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Indigenous referendum within three years

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(AAP Image/Vera Devai)

Australians will have the chance to vote on changing the constitution to recognise the nation's first peoples within the next three years.

But Indigenous Australians Minister Ken Wyatt says strict conditions must be met before a referendum can be held.

"We need consensus, but we'd need the right set of words," he told ABC radio on Wednesday.

"What people don't realise is that whatever words you insert into the constitution, they can have significant implications way beyond the simple wording."

Mr Wyatt will detail his plan for achieving constitutional recognition in a speech to the National Press Club in Canberra.

The minister said he and Labor counterpart Linda Burney needed to find an approach to get everyone onside.

"Linda Burney and I will be charged with finding that consensus that our people agree to, that the majority of Australians would accept and the majority of states and territory," he said.

"It's a high hurdle to have to leap over, but it's one that protects our democracy."

The minister says the concept has strong corporate support and is hoping organisations will back it, like they did at the 1967 referendum.

Australians overwhelmingly voted on that occasion for changes to the constitution to include Indigenous people in the census and allow the federal government to create laws for them.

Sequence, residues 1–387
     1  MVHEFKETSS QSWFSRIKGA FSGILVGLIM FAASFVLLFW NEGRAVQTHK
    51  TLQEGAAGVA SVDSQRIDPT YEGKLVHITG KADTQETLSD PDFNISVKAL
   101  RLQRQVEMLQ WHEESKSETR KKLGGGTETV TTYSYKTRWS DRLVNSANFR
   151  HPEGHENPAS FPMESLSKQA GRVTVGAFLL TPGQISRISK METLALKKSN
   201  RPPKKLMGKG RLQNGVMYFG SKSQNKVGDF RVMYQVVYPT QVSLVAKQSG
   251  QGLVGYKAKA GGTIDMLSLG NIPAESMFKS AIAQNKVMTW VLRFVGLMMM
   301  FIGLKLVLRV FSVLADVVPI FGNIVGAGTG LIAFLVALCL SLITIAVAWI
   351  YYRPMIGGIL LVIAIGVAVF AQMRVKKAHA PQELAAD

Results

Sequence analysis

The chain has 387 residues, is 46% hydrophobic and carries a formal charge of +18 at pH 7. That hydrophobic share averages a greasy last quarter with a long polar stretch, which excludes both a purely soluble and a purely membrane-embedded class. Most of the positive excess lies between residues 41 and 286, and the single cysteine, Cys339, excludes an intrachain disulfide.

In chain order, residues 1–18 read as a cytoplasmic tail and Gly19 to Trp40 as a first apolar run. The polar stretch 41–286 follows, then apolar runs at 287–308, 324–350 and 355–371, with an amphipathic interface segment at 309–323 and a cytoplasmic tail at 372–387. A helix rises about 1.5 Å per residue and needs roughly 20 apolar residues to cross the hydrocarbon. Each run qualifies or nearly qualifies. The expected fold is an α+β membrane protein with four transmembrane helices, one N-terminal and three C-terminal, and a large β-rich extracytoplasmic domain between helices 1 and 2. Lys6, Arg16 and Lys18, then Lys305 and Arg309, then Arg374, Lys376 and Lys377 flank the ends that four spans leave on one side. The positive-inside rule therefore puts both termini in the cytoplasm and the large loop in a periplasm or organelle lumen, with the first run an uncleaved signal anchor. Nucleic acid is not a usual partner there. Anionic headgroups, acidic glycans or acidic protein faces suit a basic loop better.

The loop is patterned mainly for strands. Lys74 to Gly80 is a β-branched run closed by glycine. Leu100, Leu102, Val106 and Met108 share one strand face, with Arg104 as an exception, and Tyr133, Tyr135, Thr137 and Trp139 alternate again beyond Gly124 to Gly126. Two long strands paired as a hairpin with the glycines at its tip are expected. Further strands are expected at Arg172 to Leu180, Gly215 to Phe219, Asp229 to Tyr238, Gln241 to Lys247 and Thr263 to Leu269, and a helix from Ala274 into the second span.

"We've got to go back to the model of the '67 referendums where the unions became leaders, where churches and external organisations, but our own Aboriginal organisations need to also be at the forefront of all of that process."

Developing an indigenous voice to parliament must also be part of the process, he said.

"When I take the notion of the voice, that voice was not just a singular voice, it is voices at every level."

"It is unfinished businesses, but I think there is a tremendous groundswell of goodwill."

The Uluru Statement from the Heart in 2017 called for a First Nations Voice enshrined in the constitution and the creation of a powerful "Makarrata Commission" of elected elders that would supervise agreement-making between government and indigenous people.

But the proposal was shot down by former prime minister Malcolm Turnbull, who said the advisory body "would inevitably become seen as a third chamber of parliament".

Mr Wyatt's address comes six weeks after the Perth MP became the first Aboriginal person to have ministerial stewardship of indigenous affairs.

© AAP 2019